You know, for all the talk about how much more peaceful and non-warring the gods of the old world were (compared to the Christians), it's sure ironic that the Greeks had so many gods of war and war-related activities. Even Apollo is the god of archery, and that's not just archery intended for hunting animals. He quite literally wields one of the best instruments of death in Greek mythology. Also, his Oracle sure didn't seem concerned when she sent Croesus to go fight a war against the Persians only to get himself and his army destroyed. We also have the glorified story of the Trojan War, which Athena didn't seem to mind as long as she was winning it. If only warfare were an exclusively-Christian problem. If only.
As early as page 39, you get told that the ancient Incas, Aztecs, Egyptians, and Chinese were somehow more enlightened than the Christians because they knew there were other worlds and other kinds of people/mythical creatures out there that needed protecting. You mean the Incans who regularly practiced the sacrifice of children? You mean the Aztecs who are world-famous for their human sacrifices—literally ripping out the hearts of victims and kicking their still-twitching bodies down the stairs? And, by the way, they deliberately fought wars (which Christians totally invented) to get more POWs to sacrifice. You mean the Egyptians who totally didn't fight wars of conquest with one another and their neighbors, and totally didn't use slave labor to build their now-famous structures? You mean the Chinese who, under their first emperor Qin Shi-Haungdi, buried alive scholars and burned their books? Darn Qin Shi-Haungdi being so Christian 200 years before Christ, killing people he disagreed with and suppressing information. It's a good thing the totally-not-Christian Communist Party of China doesn't do that, nor have they ever. The Falun Gong practitioners are totally free to practice their religion in China without fear of persecution, same as the Uyghurs (Muslims). The Buddhists—Tibetan or otherwise—were totally not suppressed and/or killed at any point in Chinese history.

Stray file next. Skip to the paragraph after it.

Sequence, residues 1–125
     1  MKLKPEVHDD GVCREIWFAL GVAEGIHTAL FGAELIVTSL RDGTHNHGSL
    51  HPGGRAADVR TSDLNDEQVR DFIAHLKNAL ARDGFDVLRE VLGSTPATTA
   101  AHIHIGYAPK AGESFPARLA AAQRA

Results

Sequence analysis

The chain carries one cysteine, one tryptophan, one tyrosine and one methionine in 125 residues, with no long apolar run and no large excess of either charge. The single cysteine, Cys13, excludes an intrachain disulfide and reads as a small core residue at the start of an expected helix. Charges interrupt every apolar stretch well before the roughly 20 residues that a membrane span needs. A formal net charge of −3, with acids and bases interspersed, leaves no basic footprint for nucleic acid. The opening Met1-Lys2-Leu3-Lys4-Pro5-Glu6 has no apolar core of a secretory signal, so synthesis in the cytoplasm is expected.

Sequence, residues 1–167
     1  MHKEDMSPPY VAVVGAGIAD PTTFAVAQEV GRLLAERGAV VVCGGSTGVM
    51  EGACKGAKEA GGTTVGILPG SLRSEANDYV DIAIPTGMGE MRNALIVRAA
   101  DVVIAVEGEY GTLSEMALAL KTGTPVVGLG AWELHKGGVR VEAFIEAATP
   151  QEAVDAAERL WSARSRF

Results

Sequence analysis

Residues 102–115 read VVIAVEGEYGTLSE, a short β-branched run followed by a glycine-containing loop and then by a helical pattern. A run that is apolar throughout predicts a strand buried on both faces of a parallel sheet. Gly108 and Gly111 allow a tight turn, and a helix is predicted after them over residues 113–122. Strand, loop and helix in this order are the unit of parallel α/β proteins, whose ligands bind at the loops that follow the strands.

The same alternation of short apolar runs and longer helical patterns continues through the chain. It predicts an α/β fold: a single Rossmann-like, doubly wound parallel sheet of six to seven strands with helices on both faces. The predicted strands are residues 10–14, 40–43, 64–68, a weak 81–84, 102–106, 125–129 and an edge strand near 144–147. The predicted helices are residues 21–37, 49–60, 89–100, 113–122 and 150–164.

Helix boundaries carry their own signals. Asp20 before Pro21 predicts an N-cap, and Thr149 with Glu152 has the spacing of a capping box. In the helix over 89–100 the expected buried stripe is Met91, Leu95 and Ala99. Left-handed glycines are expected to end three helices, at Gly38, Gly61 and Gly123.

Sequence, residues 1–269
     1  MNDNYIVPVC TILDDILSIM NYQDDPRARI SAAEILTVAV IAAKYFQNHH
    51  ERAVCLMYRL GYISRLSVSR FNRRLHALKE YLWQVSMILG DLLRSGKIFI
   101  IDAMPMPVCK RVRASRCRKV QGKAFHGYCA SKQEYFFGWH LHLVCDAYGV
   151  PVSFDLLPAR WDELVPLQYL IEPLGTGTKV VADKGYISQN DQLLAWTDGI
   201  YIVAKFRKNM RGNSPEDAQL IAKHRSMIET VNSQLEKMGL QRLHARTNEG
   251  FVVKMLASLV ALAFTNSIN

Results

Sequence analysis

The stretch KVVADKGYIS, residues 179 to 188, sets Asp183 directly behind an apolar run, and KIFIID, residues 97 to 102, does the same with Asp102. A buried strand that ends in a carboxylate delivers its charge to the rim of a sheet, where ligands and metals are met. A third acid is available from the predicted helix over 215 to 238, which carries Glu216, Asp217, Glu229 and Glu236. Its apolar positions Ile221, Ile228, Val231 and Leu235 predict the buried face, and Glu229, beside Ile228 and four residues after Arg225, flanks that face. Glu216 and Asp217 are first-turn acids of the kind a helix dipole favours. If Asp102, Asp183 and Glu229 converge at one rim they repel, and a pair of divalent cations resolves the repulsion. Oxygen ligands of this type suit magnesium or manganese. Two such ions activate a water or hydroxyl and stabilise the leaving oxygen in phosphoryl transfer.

Do you see the problem? It's not whataboutism, it's just that fair-is-fair. If you're going to demonize an entire large and diverse group of people for their beliefs, then prop up other groups of people for their beliefs, those other groups are fair game for scrutiny and criticism as well. And that's probably the main problem with this book: it is entirely one-sided. The characters don't even stop to consider the other side. The Christians in this book are just evil, and everyone else is just good by virtue of not being Christian. And that's a problem, a huge problem.
Does the book have some redeeming qualities? Yes. The nature and mythical creatures are portrayed in a very appealing and fun way. Even the sea monster they fight and kill is cool. And, of course, after they fight and kill it, being good Pagans who value nature, we get this boorishly over-the-top scene in which the characters honor and mourn it. Bud, most people who fight and kill a monster who has tried to kill them—whether they're Christian, Pagan, Hindu, or atheist—are gonna tap-dance on their corpse and celebrate the second they slay it. Anyway, back to the good stuff. This book is imaginative and inventive. The concept of a “Safe Space” in the form of a cottage is a very unique concept in a book. In all honesty, if this book hadn't been so heavy handed, preachy, and one-sided in its message, it could've been a pretty exciting and fun read.
You can check it out here.